(Much, but not entirely original)

  
“O Lord of hosts, how long wilt thou not have mercy upon Jerusalem? … And the Lord answered the angel … with good words and comfortable words.” - Zechariah 1:12,13

     It is interesting to see the various places in the Bible where cries were lifted up to God and the answer is sent down in response.  Of course, we all want, and pretty much do believe that God answers such cries when His children offer them up to Him.  Now, we would never make such a bold claim as to state that God always answers the prayers of His people, but we are bold enough to proclaim that God’s answer to such cries are immediate and in such a fashion as to please of satisfy the ones making the cry.  For instance, over in Exodus 2:23 we see mention of the cry of the Hebrew Slaves in Egypt to God:

23 Now it happened in the process of time that the king of Egypt died. Then the children of Israel groaned because of the bondage, and they cried out; and their cry came up to God because of the bondage.

    They cried out in the midst of their terrible suffering and surely enough, God answered them by sending a deliverer in the person of Moses.  In a very real and encouraging way, this stands as an example for us to take to heart even in this day and age.  
      The principle of crying out and being answered by God is also used in a negative fashion as well.  Judges 10:14 speaks of yet another time when Israel, in the time of the Judges, was out “serving” the Baals and the Ashtoreths, the gods of Syria, the gods of Sidon, the gods of Moab, the gods of the people of Ammon, and the gods of the Philistines.  They had been crying out to God for deliverance (something they had done before and received answers from God).  But here God chooses to allow them to remain in the situation they were in:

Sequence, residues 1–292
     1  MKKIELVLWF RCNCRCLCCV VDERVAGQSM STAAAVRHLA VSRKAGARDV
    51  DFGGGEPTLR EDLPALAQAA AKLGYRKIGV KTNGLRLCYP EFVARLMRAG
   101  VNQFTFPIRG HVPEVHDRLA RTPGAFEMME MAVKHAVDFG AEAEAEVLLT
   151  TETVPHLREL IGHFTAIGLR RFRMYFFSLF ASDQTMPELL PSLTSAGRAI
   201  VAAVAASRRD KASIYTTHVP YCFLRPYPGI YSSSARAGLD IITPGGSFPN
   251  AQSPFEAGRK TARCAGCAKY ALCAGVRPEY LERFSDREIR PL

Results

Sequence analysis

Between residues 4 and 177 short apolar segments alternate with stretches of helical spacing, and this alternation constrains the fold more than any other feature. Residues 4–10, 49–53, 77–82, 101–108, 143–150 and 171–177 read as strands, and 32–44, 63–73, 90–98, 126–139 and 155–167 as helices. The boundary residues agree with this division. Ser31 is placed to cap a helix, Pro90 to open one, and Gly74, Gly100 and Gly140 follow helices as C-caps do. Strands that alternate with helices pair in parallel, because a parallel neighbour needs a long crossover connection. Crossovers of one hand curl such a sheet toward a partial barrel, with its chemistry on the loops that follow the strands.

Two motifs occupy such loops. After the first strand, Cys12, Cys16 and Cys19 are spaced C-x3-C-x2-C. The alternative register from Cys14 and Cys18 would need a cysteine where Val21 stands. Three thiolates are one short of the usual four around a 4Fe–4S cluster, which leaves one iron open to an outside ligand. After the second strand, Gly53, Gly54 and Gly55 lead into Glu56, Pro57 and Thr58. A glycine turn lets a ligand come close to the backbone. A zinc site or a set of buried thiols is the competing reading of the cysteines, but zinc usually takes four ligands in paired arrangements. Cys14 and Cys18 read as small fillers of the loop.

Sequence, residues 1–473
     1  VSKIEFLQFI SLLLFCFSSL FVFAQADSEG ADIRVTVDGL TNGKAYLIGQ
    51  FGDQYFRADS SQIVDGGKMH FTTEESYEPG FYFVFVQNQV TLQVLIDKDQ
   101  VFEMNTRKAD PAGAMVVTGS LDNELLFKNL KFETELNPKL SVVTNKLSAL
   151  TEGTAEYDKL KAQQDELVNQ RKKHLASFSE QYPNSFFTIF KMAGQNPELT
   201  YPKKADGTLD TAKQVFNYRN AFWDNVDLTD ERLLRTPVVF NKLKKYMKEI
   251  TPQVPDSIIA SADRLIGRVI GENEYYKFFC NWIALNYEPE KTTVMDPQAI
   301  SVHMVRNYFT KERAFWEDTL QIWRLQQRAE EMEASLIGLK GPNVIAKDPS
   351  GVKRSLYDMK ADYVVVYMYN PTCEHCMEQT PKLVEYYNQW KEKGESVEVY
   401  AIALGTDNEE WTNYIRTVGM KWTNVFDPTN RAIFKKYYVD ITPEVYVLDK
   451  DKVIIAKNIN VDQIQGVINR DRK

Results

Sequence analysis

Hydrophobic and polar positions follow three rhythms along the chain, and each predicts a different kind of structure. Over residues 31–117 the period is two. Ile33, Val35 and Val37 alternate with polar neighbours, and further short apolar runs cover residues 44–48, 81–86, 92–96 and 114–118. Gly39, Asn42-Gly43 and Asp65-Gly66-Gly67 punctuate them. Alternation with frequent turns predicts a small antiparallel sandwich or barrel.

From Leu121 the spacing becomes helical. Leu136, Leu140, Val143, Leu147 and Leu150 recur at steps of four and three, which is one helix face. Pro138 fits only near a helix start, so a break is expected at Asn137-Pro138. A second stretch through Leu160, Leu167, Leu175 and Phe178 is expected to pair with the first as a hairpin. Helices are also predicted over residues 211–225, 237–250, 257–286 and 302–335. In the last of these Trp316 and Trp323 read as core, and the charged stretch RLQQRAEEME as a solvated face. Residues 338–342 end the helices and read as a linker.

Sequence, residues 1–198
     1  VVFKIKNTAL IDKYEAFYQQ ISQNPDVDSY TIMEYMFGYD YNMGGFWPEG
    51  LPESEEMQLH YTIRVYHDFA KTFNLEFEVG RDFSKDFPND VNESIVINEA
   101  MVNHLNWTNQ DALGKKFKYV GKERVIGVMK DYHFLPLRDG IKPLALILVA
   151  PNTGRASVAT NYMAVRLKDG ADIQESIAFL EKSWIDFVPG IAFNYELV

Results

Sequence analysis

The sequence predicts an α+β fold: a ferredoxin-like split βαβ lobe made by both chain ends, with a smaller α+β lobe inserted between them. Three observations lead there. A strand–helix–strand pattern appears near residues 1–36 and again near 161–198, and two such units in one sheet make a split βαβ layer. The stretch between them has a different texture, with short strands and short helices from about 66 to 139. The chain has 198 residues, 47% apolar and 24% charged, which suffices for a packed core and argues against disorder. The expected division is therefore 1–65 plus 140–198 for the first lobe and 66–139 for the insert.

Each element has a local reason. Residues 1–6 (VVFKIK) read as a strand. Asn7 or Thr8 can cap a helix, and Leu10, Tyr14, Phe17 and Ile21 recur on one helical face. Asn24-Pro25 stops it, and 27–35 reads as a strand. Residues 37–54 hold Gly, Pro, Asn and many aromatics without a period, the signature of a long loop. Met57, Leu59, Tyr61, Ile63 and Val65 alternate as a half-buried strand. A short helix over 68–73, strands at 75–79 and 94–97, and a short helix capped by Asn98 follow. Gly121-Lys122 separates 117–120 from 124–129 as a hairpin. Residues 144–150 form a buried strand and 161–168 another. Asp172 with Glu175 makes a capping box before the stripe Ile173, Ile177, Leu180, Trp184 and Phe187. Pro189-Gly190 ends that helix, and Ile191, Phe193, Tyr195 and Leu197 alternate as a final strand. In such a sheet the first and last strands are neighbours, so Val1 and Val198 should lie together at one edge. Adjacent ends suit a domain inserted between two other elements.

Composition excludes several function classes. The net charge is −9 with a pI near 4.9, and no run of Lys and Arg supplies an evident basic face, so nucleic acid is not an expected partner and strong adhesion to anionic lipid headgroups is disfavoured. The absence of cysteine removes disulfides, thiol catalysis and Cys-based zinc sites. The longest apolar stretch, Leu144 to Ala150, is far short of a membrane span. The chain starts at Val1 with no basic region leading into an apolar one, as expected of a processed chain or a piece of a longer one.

14 Go and cry out to the gods which you have chosen; let them deliver you in your time of distress.”

    It underscores the dramatic difference between crying out to the one true and living God and to all of those who are and do cry out to some other “rescuer”.  God not only does not answer in any way that would be considered positive, but rather, He gives them over to the pursuit of their fascination with false and pagan gods.  He tells them to go and pursue their false gods with the clear implication that this will show them that there is no “rescue” to be found in any of them or even in them all together!
    In 2 Kings 4:38-40 we read the account of Elisha purifying the post ofstew to rescue Israel:
  
38 And Elisha returned to Gilgal, and there was a famine in the land. Now the sons of the prophets were sitting before him; and he said to his servant, “Put on the large pot, and boil stew for the sons of the prophets.” 39 So one went out into the field to gather herbs, and found a wild vine, and gathered from it a lapful of wild gourds, and came and sliced them into the pot of stew, though they did not know what they were. 40 Then they served it to the men to eat. Now it happened, as they were eating the stew, that they cried out and said, “Man of God, there is death in the pot!” And they could not eat it.
    Elisha did what was necessary to make the food edible and thus demonstrated his office as a representative of God and a Prophet of God.  The people had cried out to him (and thus to God) for help and through him God had. answered.  Thus we can call his response as, in a very real way, a response from God.
    In 1 Kings 17 we have the familiar account of the raising of the widow’s son by Elijah.  God had sent Elijah to Zerephath to dwell for a while.  He (God) said that a widow would provide for him while there.  He went and introduced himself to this widow and found that she knew of the God of Israel and was in extremely poor situation-wise.  Elijah told her to go and make provision for He and she and her son.  He told her that her supplies would not fall short in the time that he was with them.  As a result, they (all of the household) at for “many days” – v15-16).  Just after that, God tells Elijah
    The passage says that “after these things”, that is after the “many days” that the widow’s son became sick and the sickness was “so serious” -serious meaning “urgent” in the original language – that he stopped breathing, namely that he died of the illness.